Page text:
Sam & Max Episode 2: Situation: Comedy review

  • Puzzles are easy, but fun
  • More optional stuff to do
  • Script is getting funnier
  • Soon-to-be dated references
  • No real use for Sam's gun
  • Driving still feels awkward

The first episode of a series is rarely the best, so it wasn't too surprising that the point-and-click adventure Sam & Max: Episode 1: Culture Shock - while fun overall - was short, meandering and packed with uneven humor. We knew it'd get better, though, and with Episode 2: Situation: Comedy, it has. The writing is tighter, there's much more to do and the humor has edged closer to the inspired lunacy of the Sam & Max comic books. In short, the series is really starting to get off the ground.

While Culture Shock mostly took place in the dog-and-rabbit detective duo's rotting office and sleazy New York neighborhood, Situation: Comedy sends them to the local TV station to stop Myra Stump, a daytime talk-show host who's been holding her audience hostage for three days and showering them with gifts.

Of course, before the detectives can get to her, they'll have to ad-lib their way through a really bad sitcom, save their paranoid neighbor from the menace of naked, shoplifting rats and make inedible casseroles out of roofing tiles and MSG. Because apparently, just having huge firearms and police badges doesn't get you very far these days.

If you played Culture Shock, you'll have a good idea of what to expect from the gameplay in Situation: Comedy. As Sam, you'll once again wander around solving puzzles, navigating through conversations, smacking Max out of the way and helping yourself to everything that isn't nailed down.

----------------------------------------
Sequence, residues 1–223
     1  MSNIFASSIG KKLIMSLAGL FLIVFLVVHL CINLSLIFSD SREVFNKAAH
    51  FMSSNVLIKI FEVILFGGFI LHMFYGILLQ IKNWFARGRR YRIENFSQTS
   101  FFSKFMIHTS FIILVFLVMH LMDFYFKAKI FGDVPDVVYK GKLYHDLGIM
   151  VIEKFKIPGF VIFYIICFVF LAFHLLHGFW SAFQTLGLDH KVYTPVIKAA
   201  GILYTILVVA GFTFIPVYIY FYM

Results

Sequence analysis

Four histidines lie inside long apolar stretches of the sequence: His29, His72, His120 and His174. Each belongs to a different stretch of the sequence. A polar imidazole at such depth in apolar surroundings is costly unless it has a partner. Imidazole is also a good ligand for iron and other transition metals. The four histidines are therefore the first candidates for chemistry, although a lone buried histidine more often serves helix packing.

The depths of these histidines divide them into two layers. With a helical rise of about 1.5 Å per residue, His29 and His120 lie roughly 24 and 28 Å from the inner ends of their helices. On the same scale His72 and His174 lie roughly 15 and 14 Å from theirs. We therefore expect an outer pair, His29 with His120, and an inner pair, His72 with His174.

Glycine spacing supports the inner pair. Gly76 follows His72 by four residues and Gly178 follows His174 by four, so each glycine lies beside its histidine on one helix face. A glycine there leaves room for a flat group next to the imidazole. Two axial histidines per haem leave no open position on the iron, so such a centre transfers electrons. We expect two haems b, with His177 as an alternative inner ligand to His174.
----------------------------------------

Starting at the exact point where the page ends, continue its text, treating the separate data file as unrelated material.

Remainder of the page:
The biggest difference from Culture Shock is that this time, you'll have a little more freedom to mess around, setting off actions and conversations that serve no purpose other than to be silly. Want to tell your sitcom landlord flat-out that you're trying to hide a cow from him, just to get a rise out of the classically trained chicken who plays him? Go right ahead. Feel like harmlessly shooting up the neighborhood convenience store to hear what the owner will say? Sure. You can even let Max babble about himself for at length on national TV, just to hear the dulcet strains of his squeaky little voice.

While it's more interesting and a little longer than the first episode, don't expect any great challenge from Situation: Comedy's puzzles. They're pretty clever and all, but so long as you explore everywhere, talk to everyone and don't mind a little trial and error, most of them won't give you any trouble. This is meant to be fun and breezy, not to send you hunting for hints.

Bottom line, Situation: Comedy is where the Sam & Max series starts to really pick up steam - partly because it reveals the first hints at an overarching plot for the "season's" remaining four episodes. Even if you ignore the remaining installments, though, Situation: Comedy's self-contained adventure and smart humor will keep you entertained for an afternoon, and the price - $8.95 from, or free with a GameTap subscription - automatically offsets any flaws, of which there are few. If you're any kind of adventure-game fan, then this belongs on your hard drive.

More Info

Release date: Dec 20 2006 - PC (US)
Jan 05 2007 - PC (UK)
Available Platforms: PC
Genre: Adventure
Published by: Telltale Games
Developed by: Telltale Games
ESRB Rating:
Teen: Comic Mischief, Violence


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